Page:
Opinion

Paul Taylor

Q&A-What next after Cyprus bailout?

Paul Taylor
Mar 26, 2013 17:12 UTC

BRUSSELS, March 26 (Reuters) – In bailing out Cyprus and
taking funds from savers instead of taxpayers, the euro zone has
crossed a Rubicon with implications for future banking rescues
in other countries despite assertions that the crisis in the
island nation is unique.

CYPRUS: ONE-OFF OR TEMPLATE?

Eurogroup Chairman Jeroen Dijsselbloem caused uproar in
financial markets by saying in an interview with Reuters and the
Financial Times that the Cyprus solution gave a flavour of how
Europe would handle future bank crises, by making banks solve
their own problems rather than using European taxpayers’ money.

Finnish Prime Minister Jyrki Katainen supported him, saying
that “bail-in” thinking should guide a planned European banking
union, but clarified that he did not necessarily mean depositors
should be hit in future.

ECB policymakers sought to calm the ensuing storm and
reassure savers throughout Europe by pointing out that Cyprus
was unique in that its banks were largely funded by deposits
rather than by issuing bonds and shares.

The European Commission said it might be possible for large
uninsured depositors to be “bailed-in” as part of the future
resolution of a bank under a new draft EU law, but savers with
less than 100,000 euros ($128,600) would not be hit.

Analysis: “Lex Cyprus” will set precedents for closer EU union

Paul Taylor
Mar 23, 2013 17:37 UTC

BRUSSELS (Reuters) – Lawyers have a saying that hard cases make bad law.

Whatever happens this weekend on a bailout for Cyprus will set precedents for the euro zone’s future banking union, investor confidence in the single currency area and political relations among European states.

Europe’s political leaders, and their finance ministers, are having to decide in practice at breakneck speed on issues on which they have not yet agreed in theory.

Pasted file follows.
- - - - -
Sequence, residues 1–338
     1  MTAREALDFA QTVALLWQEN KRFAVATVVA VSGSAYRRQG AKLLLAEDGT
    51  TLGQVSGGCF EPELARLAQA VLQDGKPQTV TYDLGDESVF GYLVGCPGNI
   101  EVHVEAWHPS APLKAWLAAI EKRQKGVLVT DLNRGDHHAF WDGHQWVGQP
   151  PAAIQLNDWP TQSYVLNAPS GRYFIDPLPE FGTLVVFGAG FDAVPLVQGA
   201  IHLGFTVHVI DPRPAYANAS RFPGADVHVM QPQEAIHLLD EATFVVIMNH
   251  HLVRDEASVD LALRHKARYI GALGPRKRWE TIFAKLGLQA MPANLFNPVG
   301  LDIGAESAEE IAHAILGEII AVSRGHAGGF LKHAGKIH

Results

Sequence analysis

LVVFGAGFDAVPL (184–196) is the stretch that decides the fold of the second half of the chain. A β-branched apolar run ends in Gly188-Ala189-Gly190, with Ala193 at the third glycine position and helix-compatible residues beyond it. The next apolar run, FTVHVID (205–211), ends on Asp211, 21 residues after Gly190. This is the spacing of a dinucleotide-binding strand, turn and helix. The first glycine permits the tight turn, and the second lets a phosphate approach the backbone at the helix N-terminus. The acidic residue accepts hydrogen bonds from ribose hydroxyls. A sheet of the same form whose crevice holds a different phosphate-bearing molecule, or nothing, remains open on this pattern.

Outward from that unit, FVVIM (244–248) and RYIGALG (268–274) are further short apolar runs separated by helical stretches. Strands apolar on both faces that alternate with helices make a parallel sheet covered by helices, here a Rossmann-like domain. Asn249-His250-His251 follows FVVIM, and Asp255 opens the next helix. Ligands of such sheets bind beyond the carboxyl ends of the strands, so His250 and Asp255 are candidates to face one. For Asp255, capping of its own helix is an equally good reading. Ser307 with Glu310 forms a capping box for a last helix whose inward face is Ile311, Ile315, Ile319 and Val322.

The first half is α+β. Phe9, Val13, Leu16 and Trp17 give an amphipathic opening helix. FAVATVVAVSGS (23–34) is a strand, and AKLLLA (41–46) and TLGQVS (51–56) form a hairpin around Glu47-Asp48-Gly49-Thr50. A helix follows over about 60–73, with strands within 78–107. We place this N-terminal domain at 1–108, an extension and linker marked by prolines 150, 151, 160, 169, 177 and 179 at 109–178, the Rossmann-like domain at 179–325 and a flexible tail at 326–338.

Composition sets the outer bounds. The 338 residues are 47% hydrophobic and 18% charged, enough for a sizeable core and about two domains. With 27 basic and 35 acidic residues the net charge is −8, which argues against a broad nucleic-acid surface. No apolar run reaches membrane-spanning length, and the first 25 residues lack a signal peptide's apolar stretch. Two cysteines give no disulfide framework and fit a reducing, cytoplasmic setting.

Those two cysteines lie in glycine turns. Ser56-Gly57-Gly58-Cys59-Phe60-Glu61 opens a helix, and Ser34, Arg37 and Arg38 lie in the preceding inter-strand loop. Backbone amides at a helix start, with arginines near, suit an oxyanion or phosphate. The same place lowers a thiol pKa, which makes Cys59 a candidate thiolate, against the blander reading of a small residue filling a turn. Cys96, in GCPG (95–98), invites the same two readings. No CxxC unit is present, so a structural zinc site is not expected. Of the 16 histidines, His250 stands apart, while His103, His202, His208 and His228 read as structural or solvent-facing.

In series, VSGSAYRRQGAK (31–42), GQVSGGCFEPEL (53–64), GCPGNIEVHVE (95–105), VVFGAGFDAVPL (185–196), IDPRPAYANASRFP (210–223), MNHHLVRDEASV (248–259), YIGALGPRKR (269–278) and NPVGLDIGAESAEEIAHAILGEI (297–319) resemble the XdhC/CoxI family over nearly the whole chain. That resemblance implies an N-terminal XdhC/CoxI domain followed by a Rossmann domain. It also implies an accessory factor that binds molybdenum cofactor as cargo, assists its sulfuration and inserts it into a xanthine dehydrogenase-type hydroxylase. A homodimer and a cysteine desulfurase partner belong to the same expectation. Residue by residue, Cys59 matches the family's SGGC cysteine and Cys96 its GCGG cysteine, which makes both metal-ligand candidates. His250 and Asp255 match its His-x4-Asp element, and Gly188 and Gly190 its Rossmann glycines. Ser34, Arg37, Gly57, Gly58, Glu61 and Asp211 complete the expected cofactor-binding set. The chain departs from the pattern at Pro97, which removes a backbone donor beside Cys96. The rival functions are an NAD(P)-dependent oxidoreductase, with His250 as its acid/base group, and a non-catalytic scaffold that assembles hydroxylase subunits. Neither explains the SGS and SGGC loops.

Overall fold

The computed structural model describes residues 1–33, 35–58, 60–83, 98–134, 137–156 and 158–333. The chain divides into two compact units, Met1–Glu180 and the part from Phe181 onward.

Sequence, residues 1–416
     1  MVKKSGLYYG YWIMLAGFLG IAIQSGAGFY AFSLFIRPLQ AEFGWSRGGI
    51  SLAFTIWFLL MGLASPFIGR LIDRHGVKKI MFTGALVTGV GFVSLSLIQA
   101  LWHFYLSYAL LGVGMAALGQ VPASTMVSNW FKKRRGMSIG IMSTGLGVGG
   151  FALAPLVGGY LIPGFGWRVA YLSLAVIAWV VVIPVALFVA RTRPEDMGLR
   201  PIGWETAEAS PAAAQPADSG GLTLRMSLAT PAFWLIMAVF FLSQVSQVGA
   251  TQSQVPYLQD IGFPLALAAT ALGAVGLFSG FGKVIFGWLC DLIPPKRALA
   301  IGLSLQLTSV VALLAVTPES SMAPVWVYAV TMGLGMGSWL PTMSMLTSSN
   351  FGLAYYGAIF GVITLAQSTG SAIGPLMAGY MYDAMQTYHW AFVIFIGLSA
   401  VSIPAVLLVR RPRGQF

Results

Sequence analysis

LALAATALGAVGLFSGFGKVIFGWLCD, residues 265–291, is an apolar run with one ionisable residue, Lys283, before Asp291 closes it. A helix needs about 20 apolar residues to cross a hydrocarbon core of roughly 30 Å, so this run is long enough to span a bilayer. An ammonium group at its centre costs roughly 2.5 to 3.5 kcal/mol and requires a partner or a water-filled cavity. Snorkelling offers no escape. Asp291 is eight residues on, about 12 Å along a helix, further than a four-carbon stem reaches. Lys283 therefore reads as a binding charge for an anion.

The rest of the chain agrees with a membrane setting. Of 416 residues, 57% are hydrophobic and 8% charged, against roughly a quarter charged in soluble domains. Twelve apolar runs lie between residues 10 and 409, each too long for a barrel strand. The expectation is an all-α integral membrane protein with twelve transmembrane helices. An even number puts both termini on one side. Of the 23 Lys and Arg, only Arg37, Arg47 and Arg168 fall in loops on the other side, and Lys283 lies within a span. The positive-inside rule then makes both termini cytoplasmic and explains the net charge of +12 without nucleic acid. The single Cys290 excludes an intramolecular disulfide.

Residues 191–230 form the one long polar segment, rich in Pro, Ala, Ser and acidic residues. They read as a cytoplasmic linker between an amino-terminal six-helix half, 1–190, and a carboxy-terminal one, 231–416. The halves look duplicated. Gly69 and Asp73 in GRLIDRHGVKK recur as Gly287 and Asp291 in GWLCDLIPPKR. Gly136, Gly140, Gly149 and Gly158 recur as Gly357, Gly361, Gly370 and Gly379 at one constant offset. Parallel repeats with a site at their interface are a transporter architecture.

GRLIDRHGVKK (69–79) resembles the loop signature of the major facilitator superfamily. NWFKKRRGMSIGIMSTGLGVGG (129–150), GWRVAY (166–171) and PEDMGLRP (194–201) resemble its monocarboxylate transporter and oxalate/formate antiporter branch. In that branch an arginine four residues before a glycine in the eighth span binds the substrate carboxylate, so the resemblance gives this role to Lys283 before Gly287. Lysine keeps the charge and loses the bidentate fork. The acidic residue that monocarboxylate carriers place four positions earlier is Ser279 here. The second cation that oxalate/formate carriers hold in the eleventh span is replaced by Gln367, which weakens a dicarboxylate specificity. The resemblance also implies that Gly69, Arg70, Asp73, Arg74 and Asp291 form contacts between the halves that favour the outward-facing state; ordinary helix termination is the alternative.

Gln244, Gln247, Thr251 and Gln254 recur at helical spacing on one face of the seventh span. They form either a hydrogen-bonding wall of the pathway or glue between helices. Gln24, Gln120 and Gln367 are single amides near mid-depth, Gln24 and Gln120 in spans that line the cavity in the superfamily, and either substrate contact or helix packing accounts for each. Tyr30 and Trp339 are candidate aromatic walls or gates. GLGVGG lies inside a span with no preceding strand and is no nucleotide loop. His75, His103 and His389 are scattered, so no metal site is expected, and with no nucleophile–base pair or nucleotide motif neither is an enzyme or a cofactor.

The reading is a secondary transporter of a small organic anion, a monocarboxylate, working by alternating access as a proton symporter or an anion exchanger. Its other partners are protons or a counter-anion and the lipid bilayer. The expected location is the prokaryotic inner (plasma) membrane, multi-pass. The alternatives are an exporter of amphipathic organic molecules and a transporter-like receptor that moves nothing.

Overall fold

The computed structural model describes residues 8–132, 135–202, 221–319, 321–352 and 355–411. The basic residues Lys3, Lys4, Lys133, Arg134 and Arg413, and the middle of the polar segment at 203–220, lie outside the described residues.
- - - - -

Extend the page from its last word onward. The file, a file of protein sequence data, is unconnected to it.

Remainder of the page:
Among those issues is whether euro membership is really irreversible for all member states, or only for countries deemed systemic, and what the true meaning is of the European Union’s agreed guarantee of 100,000 euros in bank deposits.

“Lex Cyprus” will set precedents for closer EU union

Paul Taylor
Mar 23, 2013 17:30 UTC

BRUSSELS, March 23 (Reuters) – Lawyers have a saying that
hard cases make bad law.

Whatever happens this weekend on a bailout for Cyprus will
set precedents for the euro zone’s future banking union,
investor confidence in the single currency area and political
relations among European states.

Europe’s political leaders, and their finance ministers, are
having to decide in practice at breakneck speed on issues on
which they have not yet agreed in theory.

Europe’s social shock-absorbers show crisis strain

Paul Taylor
Mar 18, 2013 20:39 UTC

PARIS (Reuters) – Grigoris Lemonis, a 73-year-old Athens pensioner, uses his 580 euro monthly state pension to support his wife and the family of his son, an unemployed cook with two small children and a wife who works occasionally as a cleaner.

Three-generation families surviving on a single income are increasingly common across southern Europe as mass unemployment tears at the fabric of closely knit societies.